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Spanakopitakia (spinach triangles) and Potato Salad with Olives

Tyropitakia 2




I am sure you have all heard of Spanakopita, so the word Spanakopitakia may ring a bell to you.

Spanakopitakia is the diminutive of Spanakopita which are small spinach triangles.  They, are really so easy to make they taste so good and are perfect to serve as appetizers.

I usually make them with fresh spinach but it was a last minute decision so I had to use what I had in the deep freezer. If you use fresh spinach follow the directions given in the links above.

It’s still morning in the western hemisphere, so you can quite easily make these for your thanksgiving meal.

Spanakopitakia (spinach triangles)

Preparation time: 30 minutes

Cooking time: 10 minutes

Makes: about 20


  • 250 grams of frozen spinach
  • 1 small onion, finely chopped
  • 2 small garlic cloves, finely chopped
  • Salt and pepper
  • 2 spoonfuls finely cut dill
  • 2 spoonfuls finely cut parsley
  • 1 egg
  • 100 grams of feta
  • 50 grams anthotyro (optional) (*check out link to see pictures)
  • 2 spoonfuls of olive oil
  • Phyllo pastry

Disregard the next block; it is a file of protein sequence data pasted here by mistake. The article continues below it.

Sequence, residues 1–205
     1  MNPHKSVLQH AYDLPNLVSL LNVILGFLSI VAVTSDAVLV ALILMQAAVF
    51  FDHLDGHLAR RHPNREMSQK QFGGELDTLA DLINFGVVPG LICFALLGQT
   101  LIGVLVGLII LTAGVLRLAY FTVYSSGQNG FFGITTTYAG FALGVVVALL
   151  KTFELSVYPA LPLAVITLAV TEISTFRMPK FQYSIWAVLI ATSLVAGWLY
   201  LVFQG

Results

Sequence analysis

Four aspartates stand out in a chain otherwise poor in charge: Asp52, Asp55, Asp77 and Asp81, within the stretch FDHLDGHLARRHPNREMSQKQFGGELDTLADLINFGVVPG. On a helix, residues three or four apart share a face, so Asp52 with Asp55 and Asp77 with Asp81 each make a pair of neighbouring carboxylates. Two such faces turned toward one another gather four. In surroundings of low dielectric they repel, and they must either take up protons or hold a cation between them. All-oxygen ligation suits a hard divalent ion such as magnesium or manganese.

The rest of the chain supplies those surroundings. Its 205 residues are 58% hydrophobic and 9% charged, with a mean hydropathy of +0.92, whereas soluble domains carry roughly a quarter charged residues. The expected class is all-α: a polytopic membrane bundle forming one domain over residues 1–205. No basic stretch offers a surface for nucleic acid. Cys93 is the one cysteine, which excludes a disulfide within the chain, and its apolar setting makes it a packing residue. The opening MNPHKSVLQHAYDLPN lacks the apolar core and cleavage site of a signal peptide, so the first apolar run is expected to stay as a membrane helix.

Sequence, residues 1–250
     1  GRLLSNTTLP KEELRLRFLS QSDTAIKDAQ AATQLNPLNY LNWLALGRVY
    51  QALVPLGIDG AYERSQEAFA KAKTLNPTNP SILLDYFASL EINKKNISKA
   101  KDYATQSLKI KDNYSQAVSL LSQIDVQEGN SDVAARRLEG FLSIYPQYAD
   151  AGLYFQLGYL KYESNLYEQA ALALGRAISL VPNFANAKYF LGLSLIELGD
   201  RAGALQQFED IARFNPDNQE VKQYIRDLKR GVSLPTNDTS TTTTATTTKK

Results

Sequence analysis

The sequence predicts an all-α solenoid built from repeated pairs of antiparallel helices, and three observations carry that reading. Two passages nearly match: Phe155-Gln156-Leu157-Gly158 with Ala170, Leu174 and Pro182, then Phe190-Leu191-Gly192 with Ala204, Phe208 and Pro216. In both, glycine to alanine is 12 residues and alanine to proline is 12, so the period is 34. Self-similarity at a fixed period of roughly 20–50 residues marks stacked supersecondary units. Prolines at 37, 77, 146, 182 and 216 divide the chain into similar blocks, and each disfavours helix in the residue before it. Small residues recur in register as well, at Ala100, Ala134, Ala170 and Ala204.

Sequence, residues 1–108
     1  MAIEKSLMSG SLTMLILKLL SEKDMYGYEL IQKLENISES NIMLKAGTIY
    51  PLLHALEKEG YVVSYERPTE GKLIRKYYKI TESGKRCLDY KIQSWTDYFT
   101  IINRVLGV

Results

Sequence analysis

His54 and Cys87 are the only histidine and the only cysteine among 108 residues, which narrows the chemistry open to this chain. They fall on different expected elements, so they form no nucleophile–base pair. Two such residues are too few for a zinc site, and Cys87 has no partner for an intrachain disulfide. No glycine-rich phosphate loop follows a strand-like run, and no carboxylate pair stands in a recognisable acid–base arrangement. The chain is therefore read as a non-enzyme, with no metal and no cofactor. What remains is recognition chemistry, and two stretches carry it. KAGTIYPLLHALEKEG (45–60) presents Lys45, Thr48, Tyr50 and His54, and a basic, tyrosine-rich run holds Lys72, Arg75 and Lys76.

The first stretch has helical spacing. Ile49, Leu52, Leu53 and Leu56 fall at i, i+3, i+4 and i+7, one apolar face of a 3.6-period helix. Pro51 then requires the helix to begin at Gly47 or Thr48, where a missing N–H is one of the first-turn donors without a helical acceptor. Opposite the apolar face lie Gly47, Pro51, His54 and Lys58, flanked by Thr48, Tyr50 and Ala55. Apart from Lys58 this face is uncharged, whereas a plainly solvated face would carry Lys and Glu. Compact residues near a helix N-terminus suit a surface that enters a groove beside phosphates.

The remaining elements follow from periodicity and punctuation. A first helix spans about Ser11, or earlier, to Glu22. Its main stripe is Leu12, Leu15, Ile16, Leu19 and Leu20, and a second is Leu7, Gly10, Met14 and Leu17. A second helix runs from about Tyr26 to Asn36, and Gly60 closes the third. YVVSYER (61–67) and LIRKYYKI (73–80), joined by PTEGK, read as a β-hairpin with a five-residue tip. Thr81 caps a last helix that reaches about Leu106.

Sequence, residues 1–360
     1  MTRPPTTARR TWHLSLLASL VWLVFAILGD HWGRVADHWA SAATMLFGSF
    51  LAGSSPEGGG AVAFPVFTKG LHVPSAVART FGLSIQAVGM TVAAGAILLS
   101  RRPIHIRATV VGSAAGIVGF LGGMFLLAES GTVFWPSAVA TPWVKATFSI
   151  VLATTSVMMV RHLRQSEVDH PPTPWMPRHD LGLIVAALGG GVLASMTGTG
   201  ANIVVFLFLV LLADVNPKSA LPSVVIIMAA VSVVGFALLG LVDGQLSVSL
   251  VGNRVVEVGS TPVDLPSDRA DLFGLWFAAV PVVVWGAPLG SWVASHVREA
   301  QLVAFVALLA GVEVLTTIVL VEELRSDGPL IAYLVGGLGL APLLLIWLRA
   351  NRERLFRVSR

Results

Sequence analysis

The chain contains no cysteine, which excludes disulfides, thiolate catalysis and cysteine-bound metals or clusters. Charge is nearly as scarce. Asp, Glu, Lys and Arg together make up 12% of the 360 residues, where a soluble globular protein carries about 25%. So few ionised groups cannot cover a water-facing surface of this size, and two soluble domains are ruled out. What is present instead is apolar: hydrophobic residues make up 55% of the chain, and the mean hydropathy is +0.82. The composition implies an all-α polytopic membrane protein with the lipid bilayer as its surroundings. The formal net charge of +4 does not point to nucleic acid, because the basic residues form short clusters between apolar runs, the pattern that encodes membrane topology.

• Olive oil for frying


After thawing spinach squeeze out any excess water.

In a non stick frying pan sauté onion and garlic until translucent. Add spinach and sauté as well. Remove from the heat until it cools and season with salt and pepper, add parsley and dill and then mix in the egg and cheese.

Cut the phyllo into 7 cm (less than 2 inches) wide pieces and place a spoonful of filling. Cover spinach forming a triangle.

Then continue folding going forward, then left and then right until all the phyllo is folded.

When all are folded, heat the olive oil and fry until golden on both sides. Remove on kitchen paper to absorb excess oil.

Potato Salad with Green Olives

This is a very easy potato salad but its taste depends mainly on the olives. I used the tsakistes olives I made last month, taking also some of the olive oil used together with garlic and coriander seeds. If you use other type of olives, then you will get a totally different result and taste.

Regarding the potatoes I used, (I usually use Cypriot potatoes) I am not really sure what type of potatoes they are. In Cyprus and Greece we don’t have the varieties which are used abroad but as I have explained this in a previous post, I think they are called Mondial or Spunta.

Cooking time: About 30 minutes depending on the type of potato

Preparation time: 10 minutes


  • 3 potatoes
  • 10 green tsakistes olives, together with a tablespoon of olive, with some garlic and coriander seeds
  • 1 onion, cut into half rings